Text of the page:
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V-E Day in Halifax

From Saturday's Globe and Mail

‘I will never forget it,” Shirley Hennessey says of the morning this merry photograph was snapped on Spring Garden Road in Halifax.

She was just 19 and working as a secretary in one of the city's military offices when “the news came out over the radio and the whole city just shut down. We were working down on the waterfront and everyone just poured out onto the streets. Ships were blowing their horns. People were shouting. Everything closed up and the party was on.”

Now living in Charlottetown, where she has just turned 80, Mrs. Hennessey recalls how the festivities got out of hand. “It wasn't anyone's intention to wreck the city, but the riot just started out of joyous celebrations,” she says.

“It was fuelled by joy. In hindsight, had Halifax left the liquor stores open, people could have celebrated without breaking in. People were sitting in store windows with fur coats on, lounging on furniture. It really was joyous.”

The other women in the photo — from left, Peggy Keough, Eileen Hallett and Toni Hepburn, partly hidden by Ms. Hennessey — were all friends who worked in the same office. Ms. Hallett, who is 80 and 25 years retired from the post office, now lives in Weymouth, N.S., and still sees Mrs. Hennessey every summer. She remembers that, after they returned to their barracks, “that was the end of the celebration and everyone's lockers were searched for liquor.”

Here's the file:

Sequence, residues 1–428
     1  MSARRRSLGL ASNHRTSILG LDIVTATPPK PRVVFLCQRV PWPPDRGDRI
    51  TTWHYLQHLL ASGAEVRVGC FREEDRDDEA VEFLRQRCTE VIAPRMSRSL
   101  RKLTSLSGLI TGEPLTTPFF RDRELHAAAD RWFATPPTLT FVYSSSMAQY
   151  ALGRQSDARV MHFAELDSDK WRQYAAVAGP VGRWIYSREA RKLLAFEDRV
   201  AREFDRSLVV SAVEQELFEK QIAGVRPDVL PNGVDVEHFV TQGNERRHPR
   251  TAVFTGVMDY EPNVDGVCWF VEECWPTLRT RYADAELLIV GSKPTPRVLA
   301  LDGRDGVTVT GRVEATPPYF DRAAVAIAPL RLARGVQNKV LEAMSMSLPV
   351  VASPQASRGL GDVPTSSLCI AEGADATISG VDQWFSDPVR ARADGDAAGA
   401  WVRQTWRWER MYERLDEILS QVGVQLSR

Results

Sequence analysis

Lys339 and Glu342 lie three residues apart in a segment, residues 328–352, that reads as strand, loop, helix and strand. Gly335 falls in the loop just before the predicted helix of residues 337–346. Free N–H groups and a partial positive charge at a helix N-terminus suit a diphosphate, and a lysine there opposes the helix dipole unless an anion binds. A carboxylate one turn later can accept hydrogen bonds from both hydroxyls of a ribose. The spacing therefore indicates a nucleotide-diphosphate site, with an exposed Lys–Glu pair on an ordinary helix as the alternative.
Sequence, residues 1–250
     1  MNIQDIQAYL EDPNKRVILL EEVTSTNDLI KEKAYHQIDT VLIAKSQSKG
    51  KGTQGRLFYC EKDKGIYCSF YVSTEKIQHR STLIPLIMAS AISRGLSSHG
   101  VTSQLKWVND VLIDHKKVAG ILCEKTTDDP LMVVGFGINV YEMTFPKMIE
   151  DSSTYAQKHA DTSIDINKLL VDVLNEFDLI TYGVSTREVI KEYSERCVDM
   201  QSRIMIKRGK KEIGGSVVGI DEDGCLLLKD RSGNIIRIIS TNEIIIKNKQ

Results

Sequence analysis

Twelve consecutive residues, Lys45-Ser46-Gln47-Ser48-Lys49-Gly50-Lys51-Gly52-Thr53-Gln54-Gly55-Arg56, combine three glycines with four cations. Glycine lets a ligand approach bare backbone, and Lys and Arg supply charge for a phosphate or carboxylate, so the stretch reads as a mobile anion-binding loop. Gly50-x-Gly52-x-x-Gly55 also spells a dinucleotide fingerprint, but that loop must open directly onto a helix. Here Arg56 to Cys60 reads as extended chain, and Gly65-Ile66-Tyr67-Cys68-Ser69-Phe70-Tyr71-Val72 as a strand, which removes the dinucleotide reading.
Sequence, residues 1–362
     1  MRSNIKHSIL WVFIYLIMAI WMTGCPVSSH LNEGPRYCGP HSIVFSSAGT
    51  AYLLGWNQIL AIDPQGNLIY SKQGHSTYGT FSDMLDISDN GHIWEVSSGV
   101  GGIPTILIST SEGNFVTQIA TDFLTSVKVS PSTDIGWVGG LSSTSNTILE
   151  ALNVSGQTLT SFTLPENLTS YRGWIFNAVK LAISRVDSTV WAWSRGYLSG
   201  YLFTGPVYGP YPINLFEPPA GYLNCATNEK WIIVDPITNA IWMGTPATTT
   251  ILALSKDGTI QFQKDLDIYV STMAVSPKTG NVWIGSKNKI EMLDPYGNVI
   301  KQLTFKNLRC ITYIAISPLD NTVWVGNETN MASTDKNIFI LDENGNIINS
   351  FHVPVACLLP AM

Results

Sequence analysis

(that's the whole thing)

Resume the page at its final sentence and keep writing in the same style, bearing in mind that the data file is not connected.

But the women made the most of it in the hour they were loose.

“The park on Spring Garden Road was full of sailors and all kinds of beer and all kinds of spirits,” Mrs. Hennessey says. “It would have been unfriendly to pass by. We had to join in. But shortly we were herded up and taken back to barracks for three days.

“The sailors, we had no idea who they were. But they had the spirits.”

The man in uniform Mrs. Hennessey is clinging to is chief petty officer William Dzyndra of Winnipeg.

According to his daughter, Marilyn Sanderson, “my dad was stationed in Halifax for most of the war, overseeing the repair and maintenance of the ships.” After the war, Mr. Dzyndra, who died of cancer in 1997, worked as a foreman with Canadian National for 30 years in Transcona and also was active in municipal politics.

The photo appeared in Star Weekly magazine, causing much worry for Mrs. Hennessey, whose teetotaller father would have been appalled. “There I am with a beer in my hand and I thought I was going to be in big trouble. But for some reason they didn't get the paper that weekend. I was lucky.”

After the war, Ms. Hennessey, one of nine children, returned to Charlottetown, where she met Joe Hennessey, “the love of my life,” at a hockey game. They also had nine children, as well as 18 grandchildren and five great-grandchildren. “My family turned out so well,” she says. “I'm so proud of all of them.”

The Hennesseys own and operate a successful racing stable on Prince Edward Island. Joe is currently in the hospital with a heart condition. Shirley visits him every day.

— Shawna Richer

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